In Defence Of Boredom.
I know you don't need me to tell you, but...the world has been turned upside down with this global pandemic.
Our world has been forever changed, and we aren't quite sure what we should be doing and especially how we should be feeling. The future is uncertain, and whether we care to admit it or not, there is a sense of collective fear that's rippled across the globe. Now, despite being in the midst of a terrifying time, I don't know about you, but I am currently being bombarded by a hundred posts a day on the various news feeds that are telling me how to improve my productivity. That I need to be capitalizing on all of this new "free time" I apparently have by learning how to make bread, and that I should be attempting to get dressed while holding a handstand. OH! And don't forget that Shakespeare wrote King Lear during the plague--- why haven't I written MY opus yet?
Phewf. It's very tiring.
In North America, busy-ness has become the ultimate status symbol. In our minds, the busier you are, the more important, wealthy, and influential you must be. It's this mindset that has led to what many psychologists are calling "Millennial Burn Out." We are continually adhering to this hustle culture we've built ourselves, and the minute we take a pause, we are immediately calling ourselves lazy and devaluing our self-worth- even during a pandemic, it seems.
This is making the fact that I am feeling more flakey and unfocused than I ever have in my life, a very tough pill to swallow. My emotions are inconsistent (every day is a rollercoaster), and my creativity is shot. I haven't had a good idea in six weeks, and even if I did, I wouldn't have the energy to execute it anyway. I feel bad about it constantly.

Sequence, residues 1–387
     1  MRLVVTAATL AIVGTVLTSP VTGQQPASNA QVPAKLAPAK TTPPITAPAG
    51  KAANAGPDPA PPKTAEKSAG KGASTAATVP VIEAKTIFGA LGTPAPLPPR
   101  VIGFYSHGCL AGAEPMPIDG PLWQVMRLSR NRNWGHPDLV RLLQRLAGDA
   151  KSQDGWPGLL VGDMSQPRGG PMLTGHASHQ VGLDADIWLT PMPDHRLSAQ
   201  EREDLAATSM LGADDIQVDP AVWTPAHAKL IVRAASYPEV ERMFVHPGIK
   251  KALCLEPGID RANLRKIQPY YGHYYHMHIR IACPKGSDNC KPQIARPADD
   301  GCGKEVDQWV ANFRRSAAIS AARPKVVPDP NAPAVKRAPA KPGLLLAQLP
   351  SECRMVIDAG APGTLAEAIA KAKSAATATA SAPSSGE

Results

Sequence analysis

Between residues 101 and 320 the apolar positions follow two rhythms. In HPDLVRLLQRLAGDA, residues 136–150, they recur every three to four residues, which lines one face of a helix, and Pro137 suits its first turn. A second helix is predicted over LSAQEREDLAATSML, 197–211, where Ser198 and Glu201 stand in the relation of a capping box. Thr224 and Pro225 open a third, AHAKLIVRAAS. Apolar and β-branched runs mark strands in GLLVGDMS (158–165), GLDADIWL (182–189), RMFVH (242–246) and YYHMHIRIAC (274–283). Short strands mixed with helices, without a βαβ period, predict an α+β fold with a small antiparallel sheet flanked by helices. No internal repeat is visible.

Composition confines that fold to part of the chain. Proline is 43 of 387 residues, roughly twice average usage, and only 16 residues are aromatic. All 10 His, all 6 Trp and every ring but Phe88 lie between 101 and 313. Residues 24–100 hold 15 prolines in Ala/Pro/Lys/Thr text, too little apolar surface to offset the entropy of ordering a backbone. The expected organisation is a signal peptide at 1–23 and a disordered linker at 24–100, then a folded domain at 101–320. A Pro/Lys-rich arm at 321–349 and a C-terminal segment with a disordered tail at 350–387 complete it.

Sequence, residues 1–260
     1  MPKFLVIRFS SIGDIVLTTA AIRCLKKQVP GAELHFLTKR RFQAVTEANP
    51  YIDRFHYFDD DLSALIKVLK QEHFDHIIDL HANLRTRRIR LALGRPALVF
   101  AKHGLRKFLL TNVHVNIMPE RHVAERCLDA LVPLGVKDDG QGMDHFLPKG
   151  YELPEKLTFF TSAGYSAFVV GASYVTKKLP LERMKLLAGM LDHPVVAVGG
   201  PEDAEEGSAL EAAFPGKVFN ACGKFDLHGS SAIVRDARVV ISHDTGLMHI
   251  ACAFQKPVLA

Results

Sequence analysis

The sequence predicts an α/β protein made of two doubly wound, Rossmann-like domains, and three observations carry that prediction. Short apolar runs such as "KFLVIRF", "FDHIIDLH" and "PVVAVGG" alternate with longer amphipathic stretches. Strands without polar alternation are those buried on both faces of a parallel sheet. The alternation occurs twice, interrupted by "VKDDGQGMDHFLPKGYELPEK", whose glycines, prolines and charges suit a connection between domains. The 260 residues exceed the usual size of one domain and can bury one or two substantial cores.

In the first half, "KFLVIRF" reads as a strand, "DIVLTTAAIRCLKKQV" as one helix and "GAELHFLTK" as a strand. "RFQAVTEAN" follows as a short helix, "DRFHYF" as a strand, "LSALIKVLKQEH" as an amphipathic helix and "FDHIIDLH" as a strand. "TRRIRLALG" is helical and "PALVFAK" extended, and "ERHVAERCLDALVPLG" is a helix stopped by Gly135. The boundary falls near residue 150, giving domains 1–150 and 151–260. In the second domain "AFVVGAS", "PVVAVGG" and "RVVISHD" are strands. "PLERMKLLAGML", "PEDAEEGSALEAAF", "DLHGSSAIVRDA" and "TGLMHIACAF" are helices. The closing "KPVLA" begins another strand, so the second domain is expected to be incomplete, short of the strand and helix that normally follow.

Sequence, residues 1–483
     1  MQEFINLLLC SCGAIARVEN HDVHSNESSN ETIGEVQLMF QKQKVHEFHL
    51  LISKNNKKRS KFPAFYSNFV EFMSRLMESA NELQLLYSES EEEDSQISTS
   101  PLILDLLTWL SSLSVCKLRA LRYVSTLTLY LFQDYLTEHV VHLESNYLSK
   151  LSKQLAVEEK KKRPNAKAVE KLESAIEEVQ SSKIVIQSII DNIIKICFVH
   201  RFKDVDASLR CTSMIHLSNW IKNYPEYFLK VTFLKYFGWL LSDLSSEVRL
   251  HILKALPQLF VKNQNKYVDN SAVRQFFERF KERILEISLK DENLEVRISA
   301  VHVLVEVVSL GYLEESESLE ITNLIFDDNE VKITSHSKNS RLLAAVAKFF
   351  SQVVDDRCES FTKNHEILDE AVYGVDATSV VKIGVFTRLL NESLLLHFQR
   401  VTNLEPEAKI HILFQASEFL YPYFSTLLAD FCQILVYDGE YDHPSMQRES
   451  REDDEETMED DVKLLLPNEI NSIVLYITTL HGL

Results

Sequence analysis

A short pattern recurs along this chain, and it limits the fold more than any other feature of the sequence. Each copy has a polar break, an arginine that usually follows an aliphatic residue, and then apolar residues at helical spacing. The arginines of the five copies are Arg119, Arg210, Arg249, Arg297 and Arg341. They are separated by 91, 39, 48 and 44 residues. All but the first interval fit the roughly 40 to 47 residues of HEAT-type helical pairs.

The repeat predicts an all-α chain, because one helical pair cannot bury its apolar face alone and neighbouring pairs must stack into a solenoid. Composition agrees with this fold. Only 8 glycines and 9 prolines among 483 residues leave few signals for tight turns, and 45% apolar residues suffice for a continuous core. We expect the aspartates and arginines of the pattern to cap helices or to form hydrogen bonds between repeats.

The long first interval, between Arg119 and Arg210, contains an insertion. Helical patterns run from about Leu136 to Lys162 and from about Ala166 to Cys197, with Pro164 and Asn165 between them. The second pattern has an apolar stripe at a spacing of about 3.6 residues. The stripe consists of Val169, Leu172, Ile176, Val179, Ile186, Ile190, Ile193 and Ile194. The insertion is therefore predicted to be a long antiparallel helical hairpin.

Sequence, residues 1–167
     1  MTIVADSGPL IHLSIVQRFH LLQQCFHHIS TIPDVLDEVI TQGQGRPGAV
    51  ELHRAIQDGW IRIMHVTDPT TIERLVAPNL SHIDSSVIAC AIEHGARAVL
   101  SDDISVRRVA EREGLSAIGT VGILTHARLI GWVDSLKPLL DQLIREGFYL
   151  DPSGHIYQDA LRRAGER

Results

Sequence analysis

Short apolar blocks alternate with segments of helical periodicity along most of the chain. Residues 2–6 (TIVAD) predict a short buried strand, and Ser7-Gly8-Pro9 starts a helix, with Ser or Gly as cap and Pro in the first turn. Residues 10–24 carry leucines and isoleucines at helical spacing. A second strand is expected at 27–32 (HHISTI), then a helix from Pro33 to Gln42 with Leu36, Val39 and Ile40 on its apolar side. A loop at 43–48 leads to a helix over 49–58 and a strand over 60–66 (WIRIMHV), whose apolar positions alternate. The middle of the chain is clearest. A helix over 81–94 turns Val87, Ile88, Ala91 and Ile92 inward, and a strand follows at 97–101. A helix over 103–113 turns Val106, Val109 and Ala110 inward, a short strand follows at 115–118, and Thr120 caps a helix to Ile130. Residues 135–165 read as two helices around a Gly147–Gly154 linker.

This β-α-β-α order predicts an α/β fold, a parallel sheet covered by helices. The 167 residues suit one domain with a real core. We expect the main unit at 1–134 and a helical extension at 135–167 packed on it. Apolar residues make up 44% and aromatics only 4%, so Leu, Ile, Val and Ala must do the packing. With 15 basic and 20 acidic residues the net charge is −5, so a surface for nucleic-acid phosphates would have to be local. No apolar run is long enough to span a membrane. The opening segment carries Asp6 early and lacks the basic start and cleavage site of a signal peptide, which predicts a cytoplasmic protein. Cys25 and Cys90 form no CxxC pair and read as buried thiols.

Over the last few decades, we've become a culture obsessed with tracking our productivity. How many hours did you work? How many steps did you take? How many minutes did you meditate today? We love to not only one-up each other, but we've also really become obsessed with one-upping ourselves. Hustle harder. Be consistent. Be relentless. We've built our lives so that we don't ever have to stop. We carry our work in our pockets. We are always available. We are constantly being pinged. Constantly answering every message immediately.
Stillness, it seems, has actually become unbearable for us. The minute we're even the least bit bored, an instilled fear of failure kicks in, and we begin to make a mental list of all the things we could and should be doing. I've felt this in myself for the last… I don't even know how many years. This fear of stillness has really come to the surface since this time of self-isolation began just over a month ago. The sensation can be best described as guilt. I feel guilty when the best I can do is lay on my couch and mindlessly scroll through Instagram or watch another episode of Friends I've seen 16 times. I feel afraid that maybe this bout of laziness I'm experiencing is going to stick with me forever.